By Lewis Houston. Last Updated 16th December 2022. Accidents that result in a broken or fractured bone can often cause physical challenges that impact your daily activities. It may be especially frustrating if someone else was responsible for failing to uphold the duty of care they owed you. However, our guide on claiming broken humerus compensation could help you understand your rights after an accident.
If you’re unsure whether someone owed you a duty of care, our guide could provide the information you need. For instance, we’ll explore different situations where someone may have a responsibility to keep you safe from harm.
Furthermore, we’ll look at how much you could claim in compensation for the pain and suffering caused by your injury.
For more information, please continue reading our guide. Alternatively, if you have any questions, you can contact our team on the number below:
- Call us on 0800 408 7825
- Fill out the contact form with your enquiry
- Chat with an advisor using the live chat box below
Select A Section
- Could You Claim Broken Humerus Compensation?
- Types Of Broken Humerus Injuries
- Causes Of Broken Humerus Injuries
- Is A Broken Humerus Serious?
- How Do I Make A Broken Humerus Compensation Claim?
- What is the Average Settlement for a Broken Arm?
- Broken Humerus – No Win No Fee Legal Help
- Related Broken Bone Claims Guides
The humerus bone sits between your shoulder and elbow and is attached to 13 muscles. It’s responsible for contributing to the movement of your hand and elbow as well as other functions of the upper limb.
Although an injured humerus can range from minor to severe, you may experience a mix of symptoms such as pain and difficulty moving your arm.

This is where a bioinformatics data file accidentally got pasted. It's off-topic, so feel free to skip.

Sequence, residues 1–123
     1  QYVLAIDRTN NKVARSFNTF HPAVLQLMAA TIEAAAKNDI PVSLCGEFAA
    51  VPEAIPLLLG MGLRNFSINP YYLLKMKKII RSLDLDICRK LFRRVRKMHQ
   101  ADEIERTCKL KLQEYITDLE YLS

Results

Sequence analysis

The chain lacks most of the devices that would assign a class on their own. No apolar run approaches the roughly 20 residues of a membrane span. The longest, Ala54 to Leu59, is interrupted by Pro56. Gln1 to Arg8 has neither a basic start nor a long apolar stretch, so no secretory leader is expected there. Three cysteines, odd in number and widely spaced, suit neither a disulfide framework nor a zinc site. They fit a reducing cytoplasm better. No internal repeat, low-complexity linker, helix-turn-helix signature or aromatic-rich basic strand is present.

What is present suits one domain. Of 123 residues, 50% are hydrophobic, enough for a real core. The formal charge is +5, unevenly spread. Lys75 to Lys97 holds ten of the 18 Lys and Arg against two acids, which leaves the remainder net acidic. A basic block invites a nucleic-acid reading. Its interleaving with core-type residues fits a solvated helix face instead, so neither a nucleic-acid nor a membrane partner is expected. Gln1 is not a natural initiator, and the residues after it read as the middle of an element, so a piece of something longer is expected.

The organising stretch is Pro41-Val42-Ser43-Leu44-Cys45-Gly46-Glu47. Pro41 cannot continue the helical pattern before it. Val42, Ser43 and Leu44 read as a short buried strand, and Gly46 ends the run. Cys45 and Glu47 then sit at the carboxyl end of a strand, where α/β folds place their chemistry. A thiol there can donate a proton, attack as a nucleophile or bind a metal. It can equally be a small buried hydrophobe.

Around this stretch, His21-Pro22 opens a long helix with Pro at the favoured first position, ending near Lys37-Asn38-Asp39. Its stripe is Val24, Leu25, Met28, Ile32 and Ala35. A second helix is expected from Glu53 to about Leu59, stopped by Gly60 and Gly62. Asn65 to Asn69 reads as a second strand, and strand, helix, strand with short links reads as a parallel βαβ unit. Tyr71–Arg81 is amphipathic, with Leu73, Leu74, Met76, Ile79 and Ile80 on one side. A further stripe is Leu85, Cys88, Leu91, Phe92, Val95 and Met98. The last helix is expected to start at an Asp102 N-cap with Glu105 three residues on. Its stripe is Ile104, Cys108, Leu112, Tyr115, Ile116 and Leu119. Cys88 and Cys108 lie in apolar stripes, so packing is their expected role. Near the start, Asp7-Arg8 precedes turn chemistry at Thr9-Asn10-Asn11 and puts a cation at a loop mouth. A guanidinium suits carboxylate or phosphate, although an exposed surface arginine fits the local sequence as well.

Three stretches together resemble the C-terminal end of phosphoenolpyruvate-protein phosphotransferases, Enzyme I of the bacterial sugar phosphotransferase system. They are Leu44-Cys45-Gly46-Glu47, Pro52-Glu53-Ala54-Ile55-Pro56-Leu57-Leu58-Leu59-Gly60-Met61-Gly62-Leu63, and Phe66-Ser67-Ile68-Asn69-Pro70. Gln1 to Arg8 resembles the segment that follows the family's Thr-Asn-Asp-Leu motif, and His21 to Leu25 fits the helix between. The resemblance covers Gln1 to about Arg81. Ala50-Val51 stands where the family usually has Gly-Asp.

It may be that your injury was caused by something unavoidable. However, to claim broken humerus compensation, negligence needs to have occurred. For instance:
- Someone owed you a duty of care
- They were in breach of duty
- You sustained harm in an accident that was caused by their failure to uphold the duty of care they owed you.
Additionally, you must submit your claim within the three-year time limit set out in the Limitation Act 1980. However, there are a few exceptions that may apply to your specific case.
If your claim meets these requirements, you could seek compensation for the physical or psychological damages and any monetary losses you’ve experienced.
However, if you’re unsure whether you’re eligible to put forward a claim, please contact our team on the number above.
There are a few different types of humerus fractures. However, the type of fracture you sustain may depend on where the bone breaks, such as:
- Proximal: A break to the upper part of the bone, nearest the shoulder.
- Mid-shaft: A break to the middle part of the bone.
- Distal: A more complex break to the part of the bone nearest your elbow.
Additionally, you could sustain an injury to the metaphysis, the growing plate located at the end of each bone.
A few incidents could cause someone to sustain a broken humerus. For instance, you may have had a slip, trip accident at work or in a supermarket. Alternatively, you may have been injured in an accident on a public road.
In some instances, your accident may have been unavoidable and there may not have been anyone responsible.
However, the following examples look at how someone else’s negligence could have caused an accident in which you sustained a broken or fractured upper limb. For instance:
- An employer who failed to carry out safety checks on machinery in the workplace. As a result, someone’s arm got crushed in the machine due to the emergency stop button failing to work.
- The person in control of a restaurant failed to ensure a wet floor sign was put down after the customer stairs were mopped. As a result, a customer slipped and broke their humerus.
- A driver who drove their car while under the influence of alcohol. As a result, they crashed into a pedestrian walking on the pavement, causing them serious harm.
In these instances, someone owed a duty of care and breached it by failing to take reasonable steps to prevent someone from suffering avoidable harm.